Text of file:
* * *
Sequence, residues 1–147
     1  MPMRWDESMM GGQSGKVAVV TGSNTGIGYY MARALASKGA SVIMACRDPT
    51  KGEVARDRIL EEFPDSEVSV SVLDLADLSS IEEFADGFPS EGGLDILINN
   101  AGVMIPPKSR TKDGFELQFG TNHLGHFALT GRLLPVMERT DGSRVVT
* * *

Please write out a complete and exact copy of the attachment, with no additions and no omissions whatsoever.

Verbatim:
Sequence, residues 1–147
     1  MPMRWDESMM GGQSGKVAVV TGSNTGIGYY MARALASKGA SVIMACRDPT
    51  KGEVARDRIL EEFPDSEVSV SVLDLADLSS IEEFADGFPS EGGLDILINN
   101  AGVMIPPKSR TKDGFELQFG TNHLGHFALT GRLLPVMERT DGSRVVT